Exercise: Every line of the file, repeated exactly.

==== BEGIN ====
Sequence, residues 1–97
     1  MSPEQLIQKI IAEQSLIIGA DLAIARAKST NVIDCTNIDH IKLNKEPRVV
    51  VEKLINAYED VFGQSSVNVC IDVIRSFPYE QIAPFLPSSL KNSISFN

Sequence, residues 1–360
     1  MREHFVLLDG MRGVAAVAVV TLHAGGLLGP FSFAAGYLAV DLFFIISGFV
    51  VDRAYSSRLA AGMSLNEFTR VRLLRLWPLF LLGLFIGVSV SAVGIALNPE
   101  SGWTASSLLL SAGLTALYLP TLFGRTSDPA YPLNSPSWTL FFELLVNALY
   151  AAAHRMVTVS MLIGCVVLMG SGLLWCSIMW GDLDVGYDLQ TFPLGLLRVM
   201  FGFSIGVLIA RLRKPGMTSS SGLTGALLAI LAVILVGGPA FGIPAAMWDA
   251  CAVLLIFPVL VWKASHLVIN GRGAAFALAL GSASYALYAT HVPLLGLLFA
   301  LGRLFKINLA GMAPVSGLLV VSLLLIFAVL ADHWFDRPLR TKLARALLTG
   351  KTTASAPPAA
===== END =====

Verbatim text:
Sequence, residues 1–97
     1  MSPEQLIQKI IAEQSLIIGA DLAIARAKST NVIDCTNIDH IKLNKEPRVV
    51  VEKLINAYED VFGQSSVNVC IDVIRSFPYE QIAPFLPSSL KNSISFN

Sequence, residues 1–360
     1  MREHFVLLDG MRGVAAVAVV TLHAGGLLGP FSFAAGYLAV DLFFIISGFV
    51  VDRAYSSRLA AGMSLNEFTR VRLLRLWPLF LLGLFIGVSV SAVGIALNPE
   101  SGWTASSLLL SAGLTALYLP TLFGRTSDPA YPLNSPSWTL FFELLVNALY
   151  AAAHRMVTVS MLIGCVVLMG SGLLWCSIMW GDLDVGYDLQ TFPLGLLRVM
   201  FGFSIGVLIA RLRKPGMTSS SGLTGALLAI LAVILVGGPA FGIPAAMWDA
   251  CAVLLIFPVL VWKASHLVIN GRGAAFALAL GSASYALYAT HVPLLGLLFA
   301  LGRLFKINLA GMAPVSGLLV VSLLLIFAVL ADHWFDRPLR TKLARALLTG
   351  KTTASAPPAA